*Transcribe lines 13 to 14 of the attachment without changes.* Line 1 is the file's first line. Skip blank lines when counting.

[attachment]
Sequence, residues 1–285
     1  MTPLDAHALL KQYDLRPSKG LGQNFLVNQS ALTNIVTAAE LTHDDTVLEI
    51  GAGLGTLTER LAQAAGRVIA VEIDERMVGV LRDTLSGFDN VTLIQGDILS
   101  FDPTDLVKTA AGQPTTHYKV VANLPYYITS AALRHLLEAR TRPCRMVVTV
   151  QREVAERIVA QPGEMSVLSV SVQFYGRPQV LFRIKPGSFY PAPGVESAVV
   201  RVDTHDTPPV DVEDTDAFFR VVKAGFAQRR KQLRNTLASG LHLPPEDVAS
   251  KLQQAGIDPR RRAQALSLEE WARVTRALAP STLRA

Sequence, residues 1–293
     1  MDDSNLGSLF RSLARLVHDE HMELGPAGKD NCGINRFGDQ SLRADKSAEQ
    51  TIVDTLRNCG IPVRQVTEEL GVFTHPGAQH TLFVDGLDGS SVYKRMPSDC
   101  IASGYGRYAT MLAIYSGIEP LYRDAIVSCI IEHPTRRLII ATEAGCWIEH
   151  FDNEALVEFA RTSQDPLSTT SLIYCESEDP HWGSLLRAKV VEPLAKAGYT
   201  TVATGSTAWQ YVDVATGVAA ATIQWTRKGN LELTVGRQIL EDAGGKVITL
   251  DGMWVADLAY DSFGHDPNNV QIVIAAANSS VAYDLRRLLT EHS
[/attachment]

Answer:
   201  TVATGSTAWQ YVDVATGVAA ATIQWTRKGN LELTVGRQIL EDAGGKVITL
   251  DGMWVADLAY DSFGHDPNNV QIVIAAANSS VAYDLRRLLT EHS